Former CBS exec to launch studio for tech giant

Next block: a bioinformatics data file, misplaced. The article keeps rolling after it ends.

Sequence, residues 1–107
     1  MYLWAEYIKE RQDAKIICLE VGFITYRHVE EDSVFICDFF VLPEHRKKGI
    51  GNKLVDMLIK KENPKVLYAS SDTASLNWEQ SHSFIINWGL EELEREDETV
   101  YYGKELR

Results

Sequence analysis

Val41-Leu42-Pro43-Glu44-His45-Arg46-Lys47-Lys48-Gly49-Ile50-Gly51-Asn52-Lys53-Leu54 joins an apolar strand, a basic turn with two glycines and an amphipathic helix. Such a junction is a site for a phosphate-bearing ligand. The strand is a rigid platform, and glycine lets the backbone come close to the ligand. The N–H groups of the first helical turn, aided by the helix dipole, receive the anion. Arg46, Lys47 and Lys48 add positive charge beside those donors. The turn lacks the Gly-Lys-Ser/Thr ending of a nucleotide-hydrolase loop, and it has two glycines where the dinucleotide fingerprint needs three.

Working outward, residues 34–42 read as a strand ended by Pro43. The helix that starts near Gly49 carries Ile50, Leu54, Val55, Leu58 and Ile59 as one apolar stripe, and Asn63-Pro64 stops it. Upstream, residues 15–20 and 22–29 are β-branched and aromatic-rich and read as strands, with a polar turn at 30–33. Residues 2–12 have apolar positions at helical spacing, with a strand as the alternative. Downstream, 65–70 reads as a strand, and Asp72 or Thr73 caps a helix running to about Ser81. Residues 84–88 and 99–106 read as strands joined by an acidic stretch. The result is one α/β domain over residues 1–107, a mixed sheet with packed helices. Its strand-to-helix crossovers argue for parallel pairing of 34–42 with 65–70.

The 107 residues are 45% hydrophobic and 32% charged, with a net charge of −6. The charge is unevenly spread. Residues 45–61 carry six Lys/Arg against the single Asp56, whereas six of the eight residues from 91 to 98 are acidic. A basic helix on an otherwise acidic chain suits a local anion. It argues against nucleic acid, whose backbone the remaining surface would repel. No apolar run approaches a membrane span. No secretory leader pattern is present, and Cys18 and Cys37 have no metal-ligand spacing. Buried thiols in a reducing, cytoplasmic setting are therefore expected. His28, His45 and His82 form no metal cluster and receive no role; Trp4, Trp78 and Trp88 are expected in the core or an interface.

The hiring of former CBS chief Nancy Tellem is the latest sign Microsoft will rely on original programming to keep the company competitive in the developing war among new-media giants.In a newly created role as president of entertainment and digital media, Tellem will oversee the creation of a new studio charged with creating interactive content for the Xbox 360 that has made Microsoft a player in digital video distribution by turning the popular videogame console into a hub for all kinds of entertainment. In Tellem, Microsoft has a seasoned TV pro who has operated from boardrooms to studios as a key player in CBS chief Leslie Moonves’ turnaround of the conglom. In 1997 she followed him from Warner Bros. to the Eye, where she held various key posts over the years across the network and production before segueing to a role as senior adviser to Moonves in 2010. “Bringing in Nancy with her wealth of experience and expertise is really going to help us move forward,” said Phil Spencer, corporate VP of Microsoft Studios, to whom Tellem will report. What exactly constitutes “interactive programming” is a question mark for Tellem, who is still defining the budget, timing and volume of productions that will come out of the yet-to-be-titled studio, to be based in Los Angeles. But she is exploring many possibilities. “When you look at the content we’re looking to create, it is very premium with high production value, but we’re also looking at a range of things including Web series,” she said. “This content can take a lot of different forms.” Spencer declined to estimate how much would be spent toward the original programming push, but he pointed to the company’s track record in the production of exclusive tentpole games like its blockbuster “Halo” franchise as illustrative of the depth of Microsoft’s pockets. In fact, company has ponied up considerable coin on “Halo 4: Forward Unto Dawn,” a live-action Web series it will launch this fall exclusively on male-skewing entertainment website Machinima and online community Halo Waypoint in the weeks leading up to “Halo 4’s” release Nov. 6. Project reps “the largest investment” Microsoft has made in live action to date, the company said. The hiring of Tellem isn’t entirely surprising given reports earlier this year that Microsoft was looking to bring in a senior executive with Hollywood credentials. The company has kicked the tires of various content opportunities in recent years; even Conan O’Brien reportedly met with Microsoft after departing from NBC before TBS scooped him up. The formation of a studio will not mean a restructuring of Microsoft’s existing hierarchy, according to Spencer. Blair Westlake, a former Universal Studios exec who has been with Microsoft since 2004. and may have previously been the company’s most Hollywood-facing exec, remains corporate VP of the media and entertainment group. He will continue to spearhead Microsoft’s licensing efforts. With Tellem staffing up immediately, the opening of the Microsoft studio could mean both a new buyer and seller in the content marketplace. Existing production outfits can potentially get their creative content onto Xbox while Microsoft may well find homes for its own output outside its footprint. With Tellem onboard and content creation a renewed priority, Microsoft will step further into an already crowded field of companies looking to combine varying mixes of software and hardware including Apple, Google, Facebook and Amazon. Their goal is to get as much market share as possible across the multiscreen environment ranging from the living room to the tablet, where the lion’s share of advertising and subscription revenues await the victor. Original content is seen as a key ingredient to winning this race because exclusivity is the ultimate differentiator for a platform. To wit, Google has spent at least $200 million over the past year seeding YouTube with channels aimed at luring viewers with content that has limited availability elsewhere on the Internet. That content can also drive value to either devices produced by the company including the Google TV set-top box or its tablet Nexus 7; its cross-platform hub for transactional content, Google Play; and, perhaps in time, its broadband-and-video delivery system Google Fiber, which is about to be tested in two U.S. cities. However, not all the tech giants at this stage in the game are jumping with both feet in the original content pool. Apple, for instance, has done just fine strictly licensing premium content to feed its growing slate of wildly popular devices, though the company’s ample cash reserves have always held out the possibility that it may yet make a big move. But the focus on original content is also something of a hedge since this generation of tech firms is finding that Hollywood can license just so much of its programming given that the pay-TV ecosystem — cable, satellite and telcos — forks over nearly $30 billion per year to get the first window on hundreds of TV channels. A tech company creating its own content is perhaps the most cost-effective workaround but also a risk since Hollywood has the most creative expertise. In recent years, Microsoft and its rivals in the gaming console business, Sony PlayStation and Nintendo Wii, have seen video consumption on their respective platforms skyrocket to the point where defining these devices by their traditional orientation in gaming is beginning to seem anachronistic. Just last week, Nintendo released a new tablet companion to the Wii, TVii, that upped the ante in the category for the integration of entertainment. Sony has done some modest original programming in recent years, including unscripted “The Tester.” In the myriad so-called over the top solutions in the market attempting to break into providing video content, Xbox is far ahead of a bustling competitive set, from Roku to Boxee. Those pure-play video devices have to catch up to the massive headstart videogame consoles have in the marketplace: Microsoft has sold 67 million Xbox 360s worldwide. While a Harrison Group study conducted for research firm Deloitte in January found that live TV and DVR dominated video consumption, watching Internet content via consoles was twice as popular among millennial-age viewers than in total viewers. Microsoft has been active in both the content production and distribution spaces in fits and starts, with varying business models. In 2008, it licensed multiple seasons of the independent Web series “The Guild,” which had its first windows across Xbox, MSN and the ill-fated mobile content device Zune. There was a handful of other such productions, but Xbox has been more reliant on outside services like Netflix to generate traffic to its video content. Microsoft also licensed the unscripted format “1 vs. 100,” which aired on NBC for a few years as an interactive gameshow that allowed users to play along. It lasted two seasons of 14 episodes each on Xbox ending in 2010.But in the years since that “1 vs. 100″ experiment, Microsoft has seemed to be more focused on distribution innovation than on creating originals, though it never publicly signaled that it was out of that business, either. Xbox Live has seen an influx of top brands that have contributed content to varying degrees, from modest collections of shortform content to bolder experiments that meld live programming with interactive features, as Microsoft has done with ESPN and UFC. But with Apple potentially pushing into the space with an improved Apple TV and Google constantly working on Google TV, Microsoft needed to step up its own game. Microsoft is also reportedly considering deploying a so-called virtual MSO service via Xbox that would allow it to compete directly with existing pay-TV services by licensing the same channels without having to adhere to any geographic boundary. Spencer would not specifically address the prospects of such a venture but described its efforts to program Xbox Live as being “partner-led,” citing alliances with Verizon and Comcast that allow subscribers to access their channel packages via Xbox in lieu of MSO-issued set-top boxes. (Marc Graser contributed to this report.)